As Jude becomes more deeply embroiled in palace intrigues and deceptions, she discovers her own capacity for trickery and bloodshed. But as betrayal threatens to drown the Courts of Faerie in violence, Jude will need to risk her life in a dangerous alliance to save her sisters, and Faerie itself.

Keep It? Yes! I own it! I plan on reading it very soon!

#4: The Wicked Deep by Shea Ernshaw

Goodreads Synopsis: Welcome to the cursed town of Sparrow…

Where, two centuries ago, three sisters were sentenced to death for witchery. Stones were tied to their ankles and they were drowned in the deep waters surrounding the town.

Now, for a brief time each summer, the sisters return, stealing the bodies of three weak-hearted girls so that they may seek their revenge, luring boys into the harbor and pulling them under.

Like many locals, seventeen-year-old Penny Talbot has accepted the fate of the town. But this year, on the eve of the sisters’ return, a boy named Bo Carter arrives; unaware of the danger he has just stumbled into.

Mistrust and lies spread quickly through the salty, rain-soaked streets. The townspeople turn against one another. Penny and Bo suspect each other of hiding secrets. And death comes swiftly to those who cannot resist the call of the sisters.

But only Penny sees what others cannot. And she will be forced to choose: save Bo, or save herself.

Keep It? Yes, but I probably won’t read this until covid is over cause it sounds dark!

#5: Pride and Prejudice and Mistletoe by Melissa de la Cruz

Goodreads Synopsis: Darcy Fitzwilliam is 29, beautiful, successful, and brilliant. She dates hedge funders and basketball stars and is never without her three cellphones—one for work, one for play, and one to throw at her assistant (just kidding). Darcy’s never fallen in love, never has time for anyone else’s drama, and never goes home for Christmas if she can help it. But when her mother falls ill, she comes home to Pemberley, Ohio, to spend the season with her family.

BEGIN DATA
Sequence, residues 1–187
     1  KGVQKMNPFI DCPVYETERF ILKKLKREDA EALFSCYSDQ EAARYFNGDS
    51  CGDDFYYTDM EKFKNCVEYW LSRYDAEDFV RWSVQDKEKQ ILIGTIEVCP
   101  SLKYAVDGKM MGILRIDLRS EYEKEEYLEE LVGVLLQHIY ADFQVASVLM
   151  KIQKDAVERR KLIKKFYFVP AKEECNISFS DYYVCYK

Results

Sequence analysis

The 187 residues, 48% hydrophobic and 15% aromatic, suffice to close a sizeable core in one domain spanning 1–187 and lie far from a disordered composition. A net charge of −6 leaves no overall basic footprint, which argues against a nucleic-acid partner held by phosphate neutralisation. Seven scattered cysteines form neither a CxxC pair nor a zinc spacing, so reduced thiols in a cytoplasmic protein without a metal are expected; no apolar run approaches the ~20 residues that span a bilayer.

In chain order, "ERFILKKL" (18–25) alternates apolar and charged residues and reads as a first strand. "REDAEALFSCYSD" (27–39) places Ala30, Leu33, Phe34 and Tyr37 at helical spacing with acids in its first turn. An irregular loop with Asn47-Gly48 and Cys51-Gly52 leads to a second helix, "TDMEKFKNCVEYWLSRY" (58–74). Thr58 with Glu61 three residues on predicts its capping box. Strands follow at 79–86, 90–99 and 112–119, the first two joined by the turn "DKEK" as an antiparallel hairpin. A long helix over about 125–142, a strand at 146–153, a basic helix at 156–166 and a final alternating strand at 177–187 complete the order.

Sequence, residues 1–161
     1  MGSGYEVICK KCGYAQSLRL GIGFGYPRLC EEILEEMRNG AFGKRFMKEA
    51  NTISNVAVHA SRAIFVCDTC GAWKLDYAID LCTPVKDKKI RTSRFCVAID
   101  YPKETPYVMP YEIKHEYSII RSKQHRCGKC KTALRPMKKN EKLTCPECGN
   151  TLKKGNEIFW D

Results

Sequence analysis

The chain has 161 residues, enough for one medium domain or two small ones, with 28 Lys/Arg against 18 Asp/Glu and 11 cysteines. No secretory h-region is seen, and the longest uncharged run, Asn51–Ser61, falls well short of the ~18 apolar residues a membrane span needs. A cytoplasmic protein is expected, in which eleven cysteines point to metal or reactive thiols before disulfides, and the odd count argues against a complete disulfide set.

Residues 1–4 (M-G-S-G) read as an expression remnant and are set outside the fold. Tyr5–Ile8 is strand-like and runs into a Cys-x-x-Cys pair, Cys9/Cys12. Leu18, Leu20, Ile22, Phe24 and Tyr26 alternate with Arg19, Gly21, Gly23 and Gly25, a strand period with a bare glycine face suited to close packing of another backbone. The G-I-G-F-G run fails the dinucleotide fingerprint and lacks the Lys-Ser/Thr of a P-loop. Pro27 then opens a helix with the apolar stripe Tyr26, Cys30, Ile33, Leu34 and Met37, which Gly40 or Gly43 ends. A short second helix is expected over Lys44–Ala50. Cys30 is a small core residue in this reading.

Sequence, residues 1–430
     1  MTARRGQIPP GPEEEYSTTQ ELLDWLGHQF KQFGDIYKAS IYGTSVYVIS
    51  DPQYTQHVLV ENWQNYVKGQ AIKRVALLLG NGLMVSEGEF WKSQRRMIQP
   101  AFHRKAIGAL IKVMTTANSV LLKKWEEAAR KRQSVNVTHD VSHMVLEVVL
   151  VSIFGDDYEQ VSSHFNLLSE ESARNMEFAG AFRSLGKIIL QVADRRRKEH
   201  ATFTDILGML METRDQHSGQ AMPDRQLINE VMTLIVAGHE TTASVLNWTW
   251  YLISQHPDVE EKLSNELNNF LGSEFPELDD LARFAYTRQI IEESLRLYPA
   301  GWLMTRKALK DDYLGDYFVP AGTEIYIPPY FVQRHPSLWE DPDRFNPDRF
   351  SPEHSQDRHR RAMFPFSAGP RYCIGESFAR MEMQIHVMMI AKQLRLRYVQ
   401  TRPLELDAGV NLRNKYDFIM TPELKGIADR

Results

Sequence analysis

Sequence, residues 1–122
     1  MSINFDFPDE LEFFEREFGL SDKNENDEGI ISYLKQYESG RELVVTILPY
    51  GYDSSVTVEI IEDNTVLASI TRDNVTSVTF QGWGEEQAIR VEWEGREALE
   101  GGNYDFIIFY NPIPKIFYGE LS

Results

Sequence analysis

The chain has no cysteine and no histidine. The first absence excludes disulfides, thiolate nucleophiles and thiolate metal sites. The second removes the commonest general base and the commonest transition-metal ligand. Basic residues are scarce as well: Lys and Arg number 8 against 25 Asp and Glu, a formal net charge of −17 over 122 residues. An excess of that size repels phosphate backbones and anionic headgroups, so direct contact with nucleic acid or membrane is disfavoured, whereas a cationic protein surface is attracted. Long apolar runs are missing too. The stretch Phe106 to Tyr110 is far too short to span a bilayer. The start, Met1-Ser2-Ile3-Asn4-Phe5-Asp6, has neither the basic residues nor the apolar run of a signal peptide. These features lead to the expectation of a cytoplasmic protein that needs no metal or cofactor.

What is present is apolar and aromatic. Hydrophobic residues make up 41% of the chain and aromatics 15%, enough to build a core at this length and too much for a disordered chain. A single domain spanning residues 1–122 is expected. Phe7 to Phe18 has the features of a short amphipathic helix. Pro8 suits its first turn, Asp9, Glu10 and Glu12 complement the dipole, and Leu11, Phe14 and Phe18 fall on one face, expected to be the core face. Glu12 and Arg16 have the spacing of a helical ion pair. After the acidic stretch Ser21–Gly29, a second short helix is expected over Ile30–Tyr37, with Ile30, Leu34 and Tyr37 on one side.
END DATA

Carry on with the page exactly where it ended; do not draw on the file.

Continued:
Her parents throw their annual Christmas bash, where she meets one Luke Bennet, the smart, sardonic slacker son of their neighbor. Luke is 32-years-old and has never left home. He’s a carpenter and makes beautiful furniture, and is content with his simple life. He comes from a family of five brothers, each one less ambitious than the other. When Darcy and Luke fall into bed after too many eggnogs, Darcy thinks it’s just another one night stand. But why can’t she stop thinking of Luke? What is it about him? And can she fall in love, or will her pride and his prejudice against big-city girls stand in their way?

Keep It? No. I always think I will want to read Christmas books, and then I never do.

I kept 3/5 this week! And I’m especially looking forward to reading The Cruel Prince soon!


Book Review: Riot Baby

Author: Tochi Onyebuchi

Page Count (Libby on iPhone): 158

Synopsis (from Goodreads): Ella and Kev are brother and sister, both gifted with extraordinary power. Their childhoods are defined and destroyed by structural racism and brutality. Their futures might alter the world. When Kev is incarcerated for the crime of being a young black man in America, Ella—through visits both mundane and supernatural—tries to show him the way to a revolution that could burn it all down.